Although the car is shown below with authentic Aeroscreen windshield, a regular Austin Healey 100 windscreen is also provided and can be swapped onto the car. A convertible top is ready to be installed too. The car is shown below with a single Jaguar E-type (pre-1964) seat because it's stiffer and more supportive than a Healey seat, but Tom procured a matching pair of Austin Healey 100S seats (with distinctive slotted vents through the bolsters) that can be swapped in. Back in 1954 you wouldn't have seen a roll hoop in NOJ 391, but it's required for any track day or vintage racing use today. The driver-side door has also been provided with a tubular strengthener to resist side intrusion in the event of an accident. Even with these concessions, the car is remarkably balanced. Overall weight distribution is about 49% (front) / 51% (rear).

The car made its racing debut at Road America's 1993 Chicago Historic Races. Roger Menadue helped with final preparations and served as crew chief. Driven by Phillip Coombs, the car finished second in its very first race, followed by first place finishes in group 3D. Coomb's fastest lap over the 4.048 mile circuit was 2:53.479.

Bill Thumel at VIR in 2005
Bill Thumel and the Healey prototype entering action at Virginial International Raceway in 2005

Bill Thumel reports: "As far as racing it, I ran it a V.I.R. in 2005 at the Gold Cup. It handled great but it was a bit underpowered. Abacus then started building a replacement engine using a 100-4 block and converting it to accept the S head. It then ran fantastic, with tons of torque. After a few changes it has now become very reliable with about 12 to 1 compression and about 160 HP at the wheels. The car is very neutral and fun to drive."

Features and Specifications

Engine: standard Healey 100 engine, modified to accept a "100S" cylinder head. 12:1 compression ratio. Westlake-designed 100S cylinder head. Weber DCOE carburetors (x2) on Derrington manifolds. Mallory Unilite distributor. MSD capacitive discharge ignition system, and separate dial-adjustable rev-limiter. (Both are discretely mounted under the dashboard. The rev-limiter was set to 5000rpm when we viewed the car.) Accel SuperStock 8mm spark plug wires.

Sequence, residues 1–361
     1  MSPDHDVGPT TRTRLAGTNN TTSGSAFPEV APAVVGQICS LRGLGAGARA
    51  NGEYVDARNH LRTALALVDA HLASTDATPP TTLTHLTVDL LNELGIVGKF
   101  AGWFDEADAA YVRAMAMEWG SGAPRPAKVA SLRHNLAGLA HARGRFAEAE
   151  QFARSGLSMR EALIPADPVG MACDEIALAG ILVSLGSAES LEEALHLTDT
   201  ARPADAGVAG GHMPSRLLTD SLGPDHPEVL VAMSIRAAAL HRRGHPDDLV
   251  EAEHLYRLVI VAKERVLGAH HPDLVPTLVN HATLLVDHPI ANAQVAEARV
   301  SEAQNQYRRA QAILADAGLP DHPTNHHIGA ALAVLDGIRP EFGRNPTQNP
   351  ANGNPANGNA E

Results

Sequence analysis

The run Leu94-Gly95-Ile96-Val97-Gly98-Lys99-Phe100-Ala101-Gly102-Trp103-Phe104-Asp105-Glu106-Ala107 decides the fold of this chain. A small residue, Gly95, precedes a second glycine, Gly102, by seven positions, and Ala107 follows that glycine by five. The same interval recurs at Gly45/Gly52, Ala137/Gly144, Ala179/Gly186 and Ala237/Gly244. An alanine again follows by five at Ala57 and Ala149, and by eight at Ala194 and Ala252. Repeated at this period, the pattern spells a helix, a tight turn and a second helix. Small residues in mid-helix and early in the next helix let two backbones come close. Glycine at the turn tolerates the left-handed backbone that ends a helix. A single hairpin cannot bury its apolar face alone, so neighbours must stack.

Cooling: stock Healey 100, except for a modern oil cooler.
Exhaust: custom fabricated, tubular 4-into-1 header with high-temp wrap.
Transmission: 1961 Austin Healey 3000 Mark 2 (series BJ7) four speed manual, with (28.6%) overdrive.
Rear Axle: 100-6 axle with 5-stud shafts, 3.54:1 hypoid gears and Quaife limited slip differential.
Brakes: (master) Wilwood dual master cylinders, with an adjustable bias bar.
(front) Girling rotors and calipers.
(rear) Girling rotors and calipers.
Wheels/Tires: authentic Minilite 15" magnesium wheels with knock-offs, and Hoosier Speedster P185/65R15 tires.
Body: aluminum superstructure and body, with extensive lightening holes added. "Ice green metallic" paint (the authentic 1953-54 works racecar color.) Leather bonnet and boot lid straps.
Electrical: 12V generator and battery (positive ground). The generator is the smaller, lighter style used on the 100S and early Sprites.
Interior: early (pre-1964) Jaguar E-type seat. (Cut, narrowed, and reupholstered to fit.) Derrington (replica) steering wheel. Roll hoop.
Instruments: stock, except for a 100S 140mph speedometer, plus an AutoMeter Sport Comp 0-100psi oil pressure gauge which is discretely mounted under the dashboard.
Weight: just over 2000 pounds, including driver and a quarter tank of gasoline.
Fuel System: 25 gallon Fuel Safe fuel cell.


Engine Installation

15: Tom Kovacs' custom machined remote thermostat housing
Just to the right of the cylinder head, Tom Kovacs' custom machined remote thermostat housing.

16: twin DCOE Webers
S.U. carburetors were used for most of NOJ 391's career. By Sebring 1956, both works cars and
Ed Bussey (racer/owner of the re-bodied NOJ 391) were using twin DCOE Webers, like these.
The works team also began using tubular headers instead of cast iron manifolds at that time.

17: Harry Westlake designed 8-port cylinder head
Harry Westlake designed his cylinder head to relocate both intake and exhaust to the opposite side
compared with the original Austin engine. This removed the obstacle of push rod tubes, and thus
facilitated eight bigger, better flowing ports - a change that's particularly beneficial at high RPM.
Stud and water port locations moved to accommodate this; so special engine blocks are needed too.

18: bare aluminum firewall cover
Here, a bare aluminum cover has been placed over the firewall to cover various holes.


Interior

19: Derrington style steering wheel
This steering wheel is a copy of a "Derrington", with "fat" rim as preferred by several of the works drivers.

20: Aeroscreen perspex windshield.
Aeroscreen perspex windshield (and modern "Wink" style mirror).

21: MDS rev-limiter and AutoMeter oil pressure gauge
The MSD (p/n 8671) rev-limiter shown here is adjustable between 4600rpm and 6800rpm.
The AutoMeter Sport Comp oil pressure gauge reads between 0 and 100 psi.

22: pre-1964 Jaguar E-Type seat
A narrowed, pre-1964 Jaguar E-Type seat provides more support and stiffness than a Healey seat.

23: original, slotted 100S seats